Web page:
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A Whistleblower Lawsuit Claims a School Inflated Attendance Figures

A former principal raises questions about a key Portland Public Schools partner.

A new lawsuit says the Native American Youth and Family Center falsified attendance figures at a private school the nonprofit organization runs in Northeast Portland.

Yolanda Gallegos, former principal of the NAYA Early College Academy, says top management fudged the numbers to keep public dollars that support the school flowing in from state and federal sources. She claims the nonprofit inflated average attendance figures from 65 percent to higher than 85 percent—an exaggeration the suit says cost $50,000 in government funding.

In a her lawsuit, filed March 15 in Multnomah County Circuit Court, Gallegos claims she was fired for whistleblowing and seeks $800,000 in damages.

NAYA employees, the lawsuit says, had "specific knowledge of the falsification of records for the receipt of program funding" and "state and federal funds used to mislead others."

NAYA's interim executive director, Tawna Sanchez, who is also running for the Oregon Legislature in House District 43, says the lawsuit is "without merit" but declined to answer specific questions.

"NAYA staff work diligently to ensure our programs comply with state and federal regulations," Sanchez says. "We have no reason to believe NAYA is out of compliance with any state or federal mandate."

Native American Youth and Family Center is a nonprofit that runs education, elder care and housing programs from its campus of low-slung brick buildings in Northeast Portland's Cully neighborhood. One of those programs is Early College Academy.

The academy, founded in 2007, focuses on serving at-risk students, many of them high school dropouts, ages 14 to 20. This school year, it has 70 students, of whom 27 percent are Native American.

The amount of school funding at issue in the lawsuit isn't much, but NAYA is a key partner in the district's effort to improve racial equity.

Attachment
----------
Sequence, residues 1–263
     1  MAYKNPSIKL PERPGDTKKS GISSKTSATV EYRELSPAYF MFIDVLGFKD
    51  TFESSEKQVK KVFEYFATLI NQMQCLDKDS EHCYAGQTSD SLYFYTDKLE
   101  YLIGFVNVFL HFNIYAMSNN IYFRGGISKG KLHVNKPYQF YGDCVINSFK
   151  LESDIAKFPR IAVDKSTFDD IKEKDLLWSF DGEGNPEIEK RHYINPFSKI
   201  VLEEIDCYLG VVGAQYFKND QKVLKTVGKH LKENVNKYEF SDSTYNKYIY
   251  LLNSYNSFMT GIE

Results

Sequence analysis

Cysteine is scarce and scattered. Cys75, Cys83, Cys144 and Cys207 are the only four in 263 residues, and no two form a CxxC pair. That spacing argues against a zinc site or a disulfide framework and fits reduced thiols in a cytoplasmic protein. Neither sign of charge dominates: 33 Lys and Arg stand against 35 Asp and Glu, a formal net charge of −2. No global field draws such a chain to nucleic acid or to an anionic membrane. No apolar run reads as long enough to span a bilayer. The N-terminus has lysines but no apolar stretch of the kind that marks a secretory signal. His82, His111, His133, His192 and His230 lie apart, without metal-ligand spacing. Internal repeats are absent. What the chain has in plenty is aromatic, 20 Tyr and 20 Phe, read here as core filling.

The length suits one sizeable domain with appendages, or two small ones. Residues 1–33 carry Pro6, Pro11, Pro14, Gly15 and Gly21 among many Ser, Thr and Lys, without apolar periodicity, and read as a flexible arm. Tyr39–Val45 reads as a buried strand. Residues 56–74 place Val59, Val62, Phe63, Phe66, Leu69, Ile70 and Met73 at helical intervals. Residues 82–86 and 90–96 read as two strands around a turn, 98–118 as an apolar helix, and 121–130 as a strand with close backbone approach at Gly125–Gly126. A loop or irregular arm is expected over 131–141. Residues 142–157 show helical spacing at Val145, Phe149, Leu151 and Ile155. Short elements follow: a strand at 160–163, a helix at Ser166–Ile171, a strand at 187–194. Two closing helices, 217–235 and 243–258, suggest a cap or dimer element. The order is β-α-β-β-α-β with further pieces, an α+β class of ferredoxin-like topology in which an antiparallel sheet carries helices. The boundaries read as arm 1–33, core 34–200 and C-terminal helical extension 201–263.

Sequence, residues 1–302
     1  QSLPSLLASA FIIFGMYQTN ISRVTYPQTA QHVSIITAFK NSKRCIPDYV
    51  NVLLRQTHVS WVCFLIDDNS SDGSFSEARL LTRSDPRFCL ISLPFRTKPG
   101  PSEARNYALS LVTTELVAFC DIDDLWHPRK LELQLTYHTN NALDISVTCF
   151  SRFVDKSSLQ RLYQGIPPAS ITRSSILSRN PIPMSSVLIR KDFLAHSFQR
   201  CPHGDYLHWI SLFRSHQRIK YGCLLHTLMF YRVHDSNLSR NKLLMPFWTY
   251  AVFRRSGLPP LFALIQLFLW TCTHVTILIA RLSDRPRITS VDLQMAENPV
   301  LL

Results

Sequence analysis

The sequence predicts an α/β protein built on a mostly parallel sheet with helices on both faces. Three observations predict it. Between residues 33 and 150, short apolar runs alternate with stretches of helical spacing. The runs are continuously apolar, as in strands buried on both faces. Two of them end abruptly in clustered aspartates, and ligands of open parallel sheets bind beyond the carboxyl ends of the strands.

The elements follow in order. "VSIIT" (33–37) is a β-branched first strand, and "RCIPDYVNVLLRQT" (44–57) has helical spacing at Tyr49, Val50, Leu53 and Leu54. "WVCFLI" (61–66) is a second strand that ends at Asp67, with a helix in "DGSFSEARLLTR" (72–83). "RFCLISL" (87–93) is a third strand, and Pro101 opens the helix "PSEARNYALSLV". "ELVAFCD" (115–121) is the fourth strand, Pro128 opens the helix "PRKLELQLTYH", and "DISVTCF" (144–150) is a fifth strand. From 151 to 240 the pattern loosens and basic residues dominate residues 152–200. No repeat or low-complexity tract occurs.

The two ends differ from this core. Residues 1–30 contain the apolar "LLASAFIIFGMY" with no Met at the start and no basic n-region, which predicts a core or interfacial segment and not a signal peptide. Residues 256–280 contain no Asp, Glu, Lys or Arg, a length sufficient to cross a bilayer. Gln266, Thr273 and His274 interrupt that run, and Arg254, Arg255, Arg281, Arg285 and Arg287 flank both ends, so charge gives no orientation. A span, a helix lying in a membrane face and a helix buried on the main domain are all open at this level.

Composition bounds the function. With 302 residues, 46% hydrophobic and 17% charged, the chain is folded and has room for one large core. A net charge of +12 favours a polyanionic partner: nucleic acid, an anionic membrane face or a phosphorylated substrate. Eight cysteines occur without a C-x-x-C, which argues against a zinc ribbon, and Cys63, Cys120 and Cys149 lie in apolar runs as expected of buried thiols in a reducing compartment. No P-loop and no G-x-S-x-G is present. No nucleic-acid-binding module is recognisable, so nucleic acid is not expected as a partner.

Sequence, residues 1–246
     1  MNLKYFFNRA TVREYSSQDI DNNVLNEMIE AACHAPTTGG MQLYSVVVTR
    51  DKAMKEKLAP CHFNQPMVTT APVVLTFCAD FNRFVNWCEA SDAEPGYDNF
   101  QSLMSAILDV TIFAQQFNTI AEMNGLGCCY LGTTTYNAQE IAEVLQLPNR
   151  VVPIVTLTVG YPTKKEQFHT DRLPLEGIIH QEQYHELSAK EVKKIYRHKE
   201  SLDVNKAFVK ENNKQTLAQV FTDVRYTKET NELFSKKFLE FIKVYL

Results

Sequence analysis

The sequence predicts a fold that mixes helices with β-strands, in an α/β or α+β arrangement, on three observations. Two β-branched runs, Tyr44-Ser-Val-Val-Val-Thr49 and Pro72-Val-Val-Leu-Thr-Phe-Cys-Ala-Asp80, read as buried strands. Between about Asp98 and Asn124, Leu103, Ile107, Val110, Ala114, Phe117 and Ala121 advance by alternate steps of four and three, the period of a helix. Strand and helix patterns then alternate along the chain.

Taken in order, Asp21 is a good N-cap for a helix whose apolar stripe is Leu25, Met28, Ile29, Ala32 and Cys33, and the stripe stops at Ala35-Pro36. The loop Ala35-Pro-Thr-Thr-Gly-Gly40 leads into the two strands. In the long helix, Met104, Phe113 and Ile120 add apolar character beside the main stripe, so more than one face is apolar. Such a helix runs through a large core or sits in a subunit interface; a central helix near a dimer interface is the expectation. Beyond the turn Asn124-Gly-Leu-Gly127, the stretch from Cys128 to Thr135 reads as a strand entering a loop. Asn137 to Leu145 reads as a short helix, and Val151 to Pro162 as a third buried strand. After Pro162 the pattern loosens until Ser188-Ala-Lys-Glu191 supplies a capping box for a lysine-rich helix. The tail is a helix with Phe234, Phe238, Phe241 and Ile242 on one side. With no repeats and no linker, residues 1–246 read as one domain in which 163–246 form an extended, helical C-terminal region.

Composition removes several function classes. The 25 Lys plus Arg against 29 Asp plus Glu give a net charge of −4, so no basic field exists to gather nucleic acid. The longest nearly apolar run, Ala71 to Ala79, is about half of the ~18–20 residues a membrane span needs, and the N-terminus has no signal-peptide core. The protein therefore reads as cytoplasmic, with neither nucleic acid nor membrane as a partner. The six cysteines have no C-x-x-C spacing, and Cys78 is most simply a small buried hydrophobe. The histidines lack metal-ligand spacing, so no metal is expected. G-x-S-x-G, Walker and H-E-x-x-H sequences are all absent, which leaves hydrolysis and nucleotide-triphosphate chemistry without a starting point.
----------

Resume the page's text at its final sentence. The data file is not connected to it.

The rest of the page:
Under Superintendent Carole Smith, Portland Public Schools has worked to improve dismal graduation rates for Native American students, just over half of whom finish high school in four years.

The nonprofit has long had close ties to PPS. Former executive director Matt Morton, who left NAYA in December, served on the Portland School Board from 2011 to 2015.

NAYA also has multiple contracts to work with city schools. Its contract with PPS to run the Early College Academy is worth up to $664,615 this year.

Its biggest project with the school district is a $22 million joint venture called NAYA Generations, which will create an early-childhood education center surrounded by affordable housing in Lents.

Even before Gallegos' lawsuit, there were signs of financial stress at NAYA. In 2013-14, the same year Gallegos alleges the attendance figures were inflated, the nonprofit's tax return showed a significant deterioration in its financial condition. Revenue dropped and expenses jumped, swinging NAYA from a $1.4 million surplus to a $1.3 million deficit that year. That's a lot of red ink for an organization whose total budget is $9.3 million.

Morton says he stands by NAYA's leadership.

"Being a culturally specific, community-based organization committed to serving the most marginalized and invisible Portlanders is hard, risky and politically vulnerable work," Morton tells WW. "I have a great deal of confidence in NAYA as an organization and its staff and board leadership."

In 2013, Gallegos took over as principal of the Early College Academy.